Avalanche Safety: How to Avoid Getting Buried
From the December 2005 edition of AAI's E-newsletter
Snow avalanches occur tens of thousands of times each year throughout the mountains of the world. They happen as a result of snow on an incline adjusting to the pull of gravity. There are many different types of avalanches, but the slab avalanche causes the most concern for backcountry travelers. In slab avalanches, a mass of cohesive snow releases as a unit. Slab avalanches can be triggered naturally or artificially.
How concerned about avalanches should we be? Consider that well over ninety percent of avalanche victims are caught by a slide that was triggered by a member of their own party. If we know how to recognize avalanche danger and change our behavior to avoid problems, we can substantially reduce the likelihood of triggering one.
Avalanches are formed by a combination of snowpack,terrain, and weather that together are known as the Avalanche Triangle. When you are in the backcountry in winter, late fall, or early spring, you place yourself in the midst of the triangle. To travel safely in the backcountry, you must make accurate assessments of these three factors. Most importantly, you must develop an ability to translate these assessments into appropriate decisions. Avalanche education focuses on helping you gain the skills you need to make objective observations and to effectively work through a sound decision making process.
Heading home after a day of touring in Mt. Baker's backcountry. Scott Schumann
How to avoid being caught in an avalanche:
1. Get educated.Take an avalanche course, read, ask the experts, and practice with your rescue equipment. Snow pack evaluation is an ongoing process, and snow stability can vary significantly even within a limited area. Never trust a single source of information.
2. Check your local weather reports and avalanche prediction centers.Call your local ski area and talk with local experts and others who have recently traveled in the areas you are planning to visit. To start with, be sure it is a reasonable decision to head out the door. And once you are on your route, continually evaluate conditions using the avalanche triangle and snow pack stability tests as your guide.
3. Carry the proper equipment and know how to use it.Practice with your gear several times each year. Host a transceiver recovery party in your neighborhood! It's also good to practice a recovery once a year without your transceiver.
4. Be conservative.Do not get caught in the trap of letting the fact that you are carrying extra gear force you into more dangerous decisions. You do not ever want to have to use your rescue gear.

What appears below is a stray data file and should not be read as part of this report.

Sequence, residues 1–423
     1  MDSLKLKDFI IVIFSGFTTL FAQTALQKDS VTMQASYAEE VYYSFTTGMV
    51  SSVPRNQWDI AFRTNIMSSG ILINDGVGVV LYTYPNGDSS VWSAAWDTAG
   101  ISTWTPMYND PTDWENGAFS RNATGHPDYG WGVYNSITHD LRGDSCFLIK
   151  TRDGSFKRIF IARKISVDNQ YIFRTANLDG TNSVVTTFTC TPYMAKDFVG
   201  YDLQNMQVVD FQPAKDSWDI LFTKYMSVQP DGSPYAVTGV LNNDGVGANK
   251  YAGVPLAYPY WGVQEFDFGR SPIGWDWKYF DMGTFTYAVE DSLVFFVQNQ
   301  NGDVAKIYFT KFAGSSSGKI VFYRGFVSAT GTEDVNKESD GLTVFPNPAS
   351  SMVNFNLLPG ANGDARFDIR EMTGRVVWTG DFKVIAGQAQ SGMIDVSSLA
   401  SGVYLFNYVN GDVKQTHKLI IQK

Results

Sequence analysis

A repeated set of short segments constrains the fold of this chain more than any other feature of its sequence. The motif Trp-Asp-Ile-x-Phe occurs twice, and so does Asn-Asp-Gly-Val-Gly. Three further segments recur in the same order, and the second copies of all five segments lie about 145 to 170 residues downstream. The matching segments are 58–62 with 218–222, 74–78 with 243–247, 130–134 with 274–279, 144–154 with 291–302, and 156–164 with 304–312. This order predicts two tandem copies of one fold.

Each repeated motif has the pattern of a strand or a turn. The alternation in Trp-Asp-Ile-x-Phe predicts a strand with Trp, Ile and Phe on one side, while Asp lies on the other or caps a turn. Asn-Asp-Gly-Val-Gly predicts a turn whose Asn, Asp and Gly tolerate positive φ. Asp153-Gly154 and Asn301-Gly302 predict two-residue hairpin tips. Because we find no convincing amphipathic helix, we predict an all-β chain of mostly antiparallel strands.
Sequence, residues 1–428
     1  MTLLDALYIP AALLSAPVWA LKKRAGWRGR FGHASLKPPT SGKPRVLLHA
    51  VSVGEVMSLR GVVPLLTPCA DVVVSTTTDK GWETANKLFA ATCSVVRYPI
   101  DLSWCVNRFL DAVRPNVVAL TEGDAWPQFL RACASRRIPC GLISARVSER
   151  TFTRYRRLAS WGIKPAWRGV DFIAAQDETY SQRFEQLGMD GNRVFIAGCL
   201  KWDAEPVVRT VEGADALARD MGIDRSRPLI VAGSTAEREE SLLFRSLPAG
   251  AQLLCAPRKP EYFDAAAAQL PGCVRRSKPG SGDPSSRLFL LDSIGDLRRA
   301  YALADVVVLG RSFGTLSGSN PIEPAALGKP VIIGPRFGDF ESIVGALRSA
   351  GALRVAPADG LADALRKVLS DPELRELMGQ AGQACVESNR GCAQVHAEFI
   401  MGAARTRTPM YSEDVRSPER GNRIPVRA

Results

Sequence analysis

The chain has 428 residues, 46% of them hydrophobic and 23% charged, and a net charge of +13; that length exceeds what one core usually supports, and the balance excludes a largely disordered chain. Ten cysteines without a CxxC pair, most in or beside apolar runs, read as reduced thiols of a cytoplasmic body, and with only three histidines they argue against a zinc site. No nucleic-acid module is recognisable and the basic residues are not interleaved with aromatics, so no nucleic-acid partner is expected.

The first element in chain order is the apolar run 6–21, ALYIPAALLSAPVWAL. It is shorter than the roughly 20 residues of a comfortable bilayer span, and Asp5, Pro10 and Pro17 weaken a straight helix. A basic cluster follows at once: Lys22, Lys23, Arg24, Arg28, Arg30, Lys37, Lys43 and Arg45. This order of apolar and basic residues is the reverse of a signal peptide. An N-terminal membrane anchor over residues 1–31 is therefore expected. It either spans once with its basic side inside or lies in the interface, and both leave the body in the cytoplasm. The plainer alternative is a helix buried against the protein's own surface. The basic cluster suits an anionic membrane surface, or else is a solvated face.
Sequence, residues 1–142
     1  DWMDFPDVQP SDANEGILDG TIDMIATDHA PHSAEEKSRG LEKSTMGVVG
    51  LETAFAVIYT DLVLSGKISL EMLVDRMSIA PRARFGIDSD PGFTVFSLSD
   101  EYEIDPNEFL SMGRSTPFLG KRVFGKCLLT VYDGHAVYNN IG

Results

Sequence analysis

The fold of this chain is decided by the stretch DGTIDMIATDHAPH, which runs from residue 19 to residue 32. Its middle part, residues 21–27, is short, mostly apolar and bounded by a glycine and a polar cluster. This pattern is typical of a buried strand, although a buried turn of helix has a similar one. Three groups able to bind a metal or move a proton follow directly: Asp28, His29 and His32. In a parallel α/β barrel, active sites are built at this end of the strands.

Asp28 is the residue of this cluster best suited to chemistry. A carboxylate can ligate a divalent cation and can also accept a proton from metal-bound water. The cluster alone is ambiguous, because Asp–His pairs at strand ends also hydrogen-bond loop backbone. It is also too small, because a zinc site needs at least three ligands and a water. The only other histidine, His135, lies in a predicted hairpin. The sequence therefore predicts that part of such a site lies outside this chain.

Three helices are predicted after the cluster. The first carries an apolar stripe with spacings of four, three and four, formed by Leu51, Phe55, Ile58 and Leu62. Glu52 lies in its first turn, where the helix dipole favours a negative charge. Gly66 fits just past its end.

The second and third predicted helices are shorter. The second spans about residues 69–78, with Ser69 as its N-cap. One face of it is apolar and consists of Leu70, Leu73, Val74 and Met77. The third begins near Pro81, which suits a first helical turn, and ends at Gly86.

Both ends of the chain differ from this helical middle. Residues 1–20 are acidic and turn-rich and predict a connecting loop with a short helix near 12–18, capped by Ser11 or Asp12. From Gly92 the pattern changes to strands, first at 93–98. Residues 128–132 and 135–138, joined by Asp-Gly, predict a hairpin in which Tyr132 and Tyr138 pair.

5. Travel with trusted, avalanche-educated partners and discuss trip goals.Plan your route and alternate routes, and discuss challenges and hazards.
The easiest way to avoid an avalanche is to choose a route of travel that is not in a potential avalanche path. The challenge is that climbers explore and skiers compose their lines on the same slope angles where avalanches most often occur (30-45 degrees). Consider travel on steeper or gentler lines.
If an avalanche buries a member of your party, their only real chance of survival is if YOU rescue them--don't go for help unless you're sure they're dead, because they will be by the time you return with a search party.
If you like to head for the backcountry in fall, winter or early spring, avalanche education and the use of proper rescue equipment is essential. Check out AAI's Avalanche Level 1 and Level 2 programs, which take place on Mt. Baker in Washington's North Cascades, and our Valhalla Mountain Avalanche Course (Level 2) held in the Selkirks of British Columbia, Canada. Also be sure to explore the many excellent books and internet resources on the subject. Our staff is always happy to answer your questions and direct you to educational materials.
Bonus tip: The Principle of the Three Red Flags.
This principle is all about making good decisions and knowing when to back off. It states that an outcome can be traced back to a series of related events. If you can recognize the meaning or significance of the events, you have a chance to control the outcome.
A red flag is a warning such as an event, an observation, or an intuition that we often dismiss as temporary or unimportant when in fact it is a sign that may be leading to a serious problem. To apply the Principle of the Three Red Flags when you are in the mountains, always be alert and observant and recognize when events (or red flags) are beginning to stack up against you. Take special note of details that your intellect or your intuition recognizes as small setbacks or problems. Consider that these events may be the ingredients for bigger, more serious danger ahead. Likewise, recognize when things are going well and notice how this feels. By acknowledging your observations and intuition, you'll become better and better at making good decisions.
Reference for this month's Expert Tips - http://www.avalanche.org/~nac/basics/sled_index.html